Article Text

  1. K. E. Ashley,
  2. J. Frost,
  3. S. Sanders,
  4. K. Kirchner,
  5. Sonny G.V. Montgomery
  1. V.A. Medical Center, MS., MS.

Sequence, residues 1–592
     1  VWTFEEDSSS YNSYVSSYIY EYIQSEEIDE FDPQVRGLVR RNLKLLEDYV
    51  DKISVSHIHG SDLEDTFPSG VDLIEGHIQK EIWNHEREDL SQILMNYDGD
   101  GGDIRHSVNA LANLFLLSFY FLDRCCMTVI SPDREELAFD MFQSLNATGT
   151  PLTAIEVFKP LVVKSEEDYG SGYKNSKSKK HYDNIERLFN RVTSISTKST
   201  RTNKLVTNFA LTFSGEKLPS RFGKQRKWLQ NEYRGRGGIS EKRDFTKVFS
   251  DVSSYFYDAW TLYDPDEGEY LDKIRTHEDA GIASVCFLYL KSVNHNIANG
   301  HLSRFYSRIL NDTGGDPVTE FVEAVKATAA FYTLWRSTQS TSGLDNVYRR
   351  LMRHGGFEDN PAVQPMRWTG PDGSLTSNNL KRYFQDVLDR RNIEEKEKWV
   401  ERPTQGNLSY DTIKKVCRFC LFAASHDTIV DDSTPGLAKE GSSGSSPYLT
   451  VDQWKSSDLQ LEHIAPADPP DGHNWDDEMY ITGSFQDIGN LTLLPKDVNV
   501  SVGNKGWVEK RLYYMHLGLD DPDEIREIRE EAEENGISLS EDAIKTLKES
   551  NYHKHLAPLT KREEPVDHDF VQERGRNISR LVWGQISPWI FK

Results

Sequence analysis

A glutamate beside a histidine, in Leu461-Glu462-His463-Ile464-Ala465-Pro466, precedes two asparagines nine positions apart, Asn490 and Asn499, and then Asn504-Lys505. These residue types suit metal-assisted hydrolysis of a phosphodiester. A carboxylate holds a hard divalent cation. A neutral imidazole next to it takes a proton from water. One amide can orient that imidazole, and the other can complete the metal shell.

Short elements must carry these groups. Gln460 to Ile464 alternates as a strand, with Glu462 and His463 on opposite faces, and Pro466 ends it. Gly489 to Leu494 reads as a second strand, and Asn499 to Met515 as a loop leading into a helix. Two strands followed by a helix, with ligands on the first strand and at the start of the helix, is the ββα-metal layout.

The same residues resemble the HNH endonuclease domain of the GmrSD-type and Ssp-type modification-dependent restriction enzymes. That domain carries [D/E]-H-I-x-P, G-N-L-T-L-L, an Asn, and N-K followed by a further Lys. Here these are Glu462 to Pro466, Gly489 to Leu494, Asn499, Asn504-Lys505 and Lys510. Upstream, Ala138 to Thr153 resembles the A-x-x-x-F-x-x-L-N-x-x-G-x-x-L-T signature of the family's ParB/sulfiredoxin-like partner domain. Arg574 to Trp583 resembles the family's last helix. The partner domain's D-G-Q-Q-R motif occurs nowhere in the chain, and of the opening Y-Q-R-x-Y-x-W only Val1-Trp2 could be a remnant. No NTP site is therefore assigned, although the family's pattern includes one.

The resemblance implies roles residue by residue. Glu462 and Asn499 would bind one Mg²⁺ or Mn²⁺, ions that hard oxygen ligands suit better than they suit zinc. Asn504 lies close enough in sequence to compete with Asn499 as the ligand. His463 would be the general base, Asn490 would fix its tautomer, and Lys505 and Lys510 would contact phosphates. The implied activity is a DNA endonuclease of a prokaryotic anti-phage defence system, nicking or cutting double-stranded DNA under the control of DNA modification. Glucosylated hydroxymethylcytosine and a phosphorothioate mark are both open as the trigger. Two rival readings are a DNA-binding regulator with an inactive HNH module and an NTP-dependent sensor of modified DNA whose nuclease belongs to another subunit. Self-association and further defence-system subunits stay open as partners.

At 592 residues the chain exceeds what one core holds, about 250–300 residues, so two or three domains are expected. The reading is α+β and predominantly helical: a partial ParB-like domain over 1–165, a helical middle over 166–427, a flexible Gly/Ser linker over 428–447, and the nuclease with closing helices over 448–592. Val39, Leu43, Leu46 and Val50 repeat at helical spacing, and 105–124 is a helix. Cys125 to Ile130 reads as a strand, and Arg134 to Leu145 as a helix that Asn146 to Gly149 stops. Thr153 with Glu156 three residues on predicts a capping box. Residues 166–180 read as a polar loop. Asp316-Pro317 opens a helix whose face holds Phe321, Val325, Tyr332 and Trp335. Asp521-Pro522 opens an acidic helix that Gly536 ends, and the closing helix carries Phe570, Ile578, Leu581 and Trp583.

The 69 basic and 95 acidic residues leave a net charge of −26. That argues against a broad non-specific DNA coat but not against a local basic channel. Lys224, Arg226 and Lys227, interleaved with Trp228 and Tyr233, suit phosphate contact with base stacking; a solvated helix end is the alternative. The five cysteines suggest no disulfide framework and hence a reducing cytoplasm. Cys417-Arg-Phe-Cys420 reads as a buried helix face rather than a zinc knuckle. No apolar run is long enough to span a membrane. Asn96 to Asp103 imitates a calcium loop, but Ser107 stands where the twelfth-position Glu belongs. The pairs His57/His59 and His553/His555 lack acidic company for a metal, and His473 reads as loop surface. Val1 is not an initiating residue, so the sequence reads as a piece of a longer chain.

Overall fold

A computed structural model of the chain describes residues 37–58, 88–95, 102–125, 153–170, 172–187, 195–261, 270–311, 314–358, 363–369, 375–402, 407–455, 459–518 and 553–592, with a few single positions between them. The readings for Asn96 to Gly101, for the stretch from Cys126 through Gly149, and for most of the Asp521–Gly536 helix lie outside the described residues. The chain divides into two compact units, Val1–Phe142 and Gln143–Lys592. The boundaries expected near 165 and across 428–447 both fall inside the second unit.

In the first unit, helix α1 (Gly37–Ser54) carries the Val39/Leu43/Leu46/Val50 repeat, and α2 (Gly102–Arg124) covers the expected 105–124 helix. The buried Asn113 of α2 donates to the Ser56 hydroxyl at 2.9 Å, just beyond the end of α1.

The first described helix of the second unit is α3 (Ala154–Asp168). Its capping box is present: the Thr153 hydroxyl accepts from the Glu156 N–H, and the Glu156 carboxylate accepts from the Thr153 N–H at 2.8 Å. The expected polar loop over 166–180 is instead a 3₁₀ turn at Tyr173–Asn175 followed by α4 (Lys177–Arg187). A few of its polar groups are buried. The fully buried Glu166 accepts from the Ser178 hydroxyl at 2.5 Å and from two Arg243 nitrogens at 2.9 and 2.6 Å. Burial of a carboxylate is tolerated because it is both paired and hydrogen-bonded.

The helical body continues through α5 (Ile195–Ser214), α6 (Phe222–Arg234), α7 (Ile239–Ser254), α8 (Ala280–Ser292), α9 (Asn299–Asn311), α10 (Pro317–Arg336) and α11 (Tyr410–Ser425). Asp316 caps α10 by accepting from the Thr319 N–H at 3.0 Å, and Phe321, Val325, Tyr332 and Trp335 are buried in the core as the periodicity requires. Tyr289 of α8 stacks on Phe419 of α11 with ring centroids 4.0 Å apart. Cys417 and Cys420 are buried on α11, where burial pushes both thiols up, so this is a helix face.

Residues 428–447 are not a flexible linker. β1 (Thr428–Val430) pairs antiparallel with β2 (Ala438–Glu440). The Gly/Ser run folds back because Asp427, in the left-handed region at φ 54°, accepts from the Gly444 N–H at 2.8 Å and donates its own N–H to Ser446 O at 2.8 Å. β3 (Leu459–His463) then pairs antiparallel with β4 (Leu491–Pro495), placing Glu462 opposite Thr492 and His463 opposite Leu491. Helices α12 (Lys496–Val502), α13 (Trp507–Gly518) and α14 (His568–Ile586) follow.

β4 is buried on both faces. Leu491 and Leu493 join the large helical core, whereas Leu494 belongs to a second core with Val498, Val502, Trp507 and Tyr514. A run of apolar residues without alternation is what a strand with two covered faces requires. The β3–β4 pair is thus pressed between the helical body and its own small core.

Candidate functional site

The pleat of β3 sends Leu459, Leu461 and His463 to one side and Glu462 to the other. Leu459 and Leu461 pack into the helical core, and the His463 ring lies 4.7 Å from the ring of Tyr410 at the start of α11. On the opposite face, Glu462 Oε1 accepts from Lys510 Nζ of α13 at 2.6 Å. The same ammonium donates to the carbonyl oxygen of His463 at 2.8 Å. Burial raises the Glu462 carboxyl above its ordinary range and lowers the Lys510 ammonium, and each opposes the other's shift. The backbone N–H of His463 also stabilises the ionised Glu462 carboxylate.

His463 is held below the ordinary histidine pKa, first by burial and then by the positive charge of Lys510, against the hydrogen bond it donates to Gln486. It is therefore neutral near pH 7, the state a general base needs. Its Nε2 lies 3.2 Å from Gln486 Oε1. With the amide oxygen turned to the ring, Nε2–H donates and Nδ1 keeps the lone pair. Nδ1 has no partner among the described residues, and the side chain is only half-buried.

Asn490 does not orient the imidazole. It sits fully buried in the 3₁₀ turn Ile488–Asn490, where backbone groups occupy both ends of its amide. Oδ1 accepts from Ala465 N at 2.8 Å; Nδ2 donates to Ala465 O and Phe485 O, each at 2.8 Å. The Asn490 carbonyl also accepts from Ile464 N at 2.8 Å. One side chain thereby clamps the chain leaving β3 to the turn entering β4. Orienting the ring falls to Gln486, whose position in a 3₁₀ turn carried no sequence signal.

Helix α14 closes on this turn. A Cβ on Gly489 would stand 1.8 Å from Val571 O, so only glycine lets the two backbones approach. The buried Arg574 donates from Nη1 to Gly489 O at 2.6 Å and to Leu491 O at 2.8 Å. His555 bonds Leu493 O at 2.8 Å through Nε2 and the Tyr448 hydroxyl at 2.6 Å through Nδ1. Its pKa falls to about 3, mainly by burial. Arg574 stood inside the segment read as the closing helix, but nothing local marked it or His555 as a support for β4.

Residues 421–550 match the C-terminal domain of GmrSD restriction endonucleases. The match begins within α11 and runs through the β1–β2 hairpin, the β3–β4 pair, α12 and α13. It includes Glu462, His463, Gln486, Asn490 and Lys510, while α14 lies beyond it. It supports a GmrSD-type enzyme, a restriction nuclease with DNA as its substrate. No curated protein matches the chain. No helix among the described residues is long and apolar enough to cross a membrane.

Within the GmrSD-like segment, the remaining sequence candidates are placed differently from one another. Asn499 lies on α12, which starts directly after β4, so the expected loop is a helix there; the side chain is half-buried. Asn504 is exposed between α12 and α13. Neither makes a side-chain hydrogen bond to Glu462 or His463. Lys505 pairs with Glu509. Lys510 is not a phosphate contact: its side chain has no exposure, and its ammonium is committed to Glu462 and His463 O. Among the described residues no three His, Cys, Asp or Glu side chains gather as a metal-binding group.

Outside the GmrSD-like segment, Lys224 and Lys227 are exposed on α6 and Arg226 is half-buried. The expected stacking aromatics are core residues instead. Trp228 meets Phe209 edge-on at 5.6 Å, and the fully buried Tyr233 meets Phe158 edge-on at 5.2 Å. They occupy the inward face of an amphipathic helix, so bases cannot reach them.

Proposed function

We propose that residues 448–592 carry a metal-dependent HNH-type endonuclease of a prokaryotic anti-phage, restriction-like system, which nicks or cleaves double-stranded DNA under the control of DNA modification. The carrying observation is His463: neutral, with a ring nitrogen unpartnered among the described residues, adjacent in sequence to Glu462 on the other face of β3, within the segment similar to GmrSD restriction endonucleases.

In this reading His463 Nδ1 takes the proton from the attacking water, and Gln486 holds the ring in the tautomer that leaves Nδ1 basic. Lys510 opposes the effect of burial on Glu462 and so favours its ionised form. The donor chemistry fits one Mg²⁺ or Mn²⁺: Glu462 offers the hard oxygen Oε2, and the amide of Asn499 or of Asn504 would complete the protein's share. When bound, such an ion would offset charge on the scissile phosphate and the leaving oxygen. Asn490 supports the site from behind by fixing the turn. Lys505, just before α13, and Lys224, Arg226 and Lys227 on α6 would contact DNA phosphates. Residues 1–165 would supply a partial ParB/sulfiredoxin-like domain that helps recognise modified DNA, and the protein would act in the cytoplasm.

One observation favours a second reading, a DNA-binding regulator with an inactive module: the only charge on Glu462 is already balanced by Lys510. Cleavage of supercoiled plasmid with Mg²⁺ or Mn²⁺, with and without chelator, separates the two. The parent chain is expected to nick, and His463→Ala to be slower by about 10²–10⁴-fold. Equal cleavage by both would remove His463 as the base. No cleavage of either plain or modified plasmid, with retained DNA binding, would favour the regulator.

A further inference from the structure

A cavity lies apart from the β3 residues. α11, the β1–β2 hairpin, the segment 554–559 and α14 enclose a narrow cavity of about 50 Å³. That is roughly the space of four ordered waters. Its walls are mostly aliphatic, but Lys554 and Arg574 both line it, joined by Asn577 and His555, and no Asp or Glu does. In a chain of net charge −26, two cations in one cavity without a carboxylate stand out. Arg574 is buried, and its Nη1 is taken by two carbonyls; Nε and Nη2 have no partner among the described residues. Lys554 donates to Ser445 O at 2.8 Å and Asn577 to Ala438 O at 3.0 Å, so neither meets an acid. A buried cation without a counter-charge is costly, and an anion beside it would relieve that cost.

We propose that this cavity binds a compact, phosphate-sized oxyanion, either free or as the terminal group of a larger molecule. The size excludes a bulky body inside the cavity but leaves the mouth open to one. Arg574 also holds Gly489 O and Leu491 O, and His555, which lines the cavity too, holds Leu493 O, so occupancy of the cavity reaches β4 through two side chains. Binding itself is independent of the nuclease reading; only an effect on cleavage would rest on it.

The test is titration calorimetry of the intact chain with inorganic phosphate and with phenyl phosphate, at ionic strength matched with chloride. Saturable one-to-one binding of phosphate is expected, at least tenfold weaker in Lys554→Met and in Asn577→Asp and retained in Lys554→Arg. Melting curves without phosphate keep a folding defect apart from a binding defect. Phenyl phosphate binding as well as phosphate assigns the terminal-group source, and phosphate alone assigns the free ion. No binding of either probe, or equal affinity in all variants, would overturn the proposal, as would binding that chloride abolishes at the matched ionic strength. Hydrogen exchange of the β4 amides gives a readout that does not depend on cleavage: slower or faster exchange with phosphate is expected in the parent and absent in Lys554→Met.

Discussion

Diabetic muscle infarction (DMI) was first described in 1965 but since that time, there has been a paucity of cases reported in the literature. A 56-year-old African-American man with type 2 DM of more than 5 years' duration, diabetic neuropathy, hypertension, and dilated cardiomyopathy presented to the VA Medical Center in Jackson, MS, with complaints of acute onset of left thigh pain and swelling of approximately 2 weeks' duration. He denied history of trauma or recent infection. He denied fever, chills, night sweats, rashes, paresthesias, or weakness in his extremities. The severity of the pain precluded him from putting weight on his left leg. On examination, he was afebrile with normal vital signs. He had clinical evidence of CHF. Upon examination of his lower extremities, he was noted to have only trace edema around his ankles but 2+ pitting edema of his left posteromedial thigh. This was very tender to palpation but was not erythematous or warm. There were no skin lesions or rashes. Dorsalis pedis pulses were palpable and equal bilaterally and there was no joint involvement. His muscle strength was not fully tested because of the extreme pain in his leg. Laboratory examination was normal except an elevated glucose, a low albumin level, and elevated alkaline phosphatase. His CPK was normal. His erythrocyte sedimentation rate was elevated and the hemoglobin A1c was 11.8. MRI of the leg showed intense enhancement of the muscles of the left thigh with increase in size and extensive subcutaneous edema. Muscle biopsy showed myopathic changes secondary to diabetic vascular disease with massive scarring and a few peripheral fascicles of ischemic muscle fibers, making the diagnosis of diabetic muscle infarction. DMI is a rare condition that usually affects patients with long-standing or poorly controlled DM. Affected patients typically present with the acute onset of painful swelling of the thigh or calf that then evolves over days to weeks. Muscle enzyme levels may be normal or increased, depending on the stage of the infarction at presentation. Elevated erythrocyte sedimentation rates as well as leukocytosis may also occur. For the most part, laboratory studies should be used to exclude other potential diagnoses.

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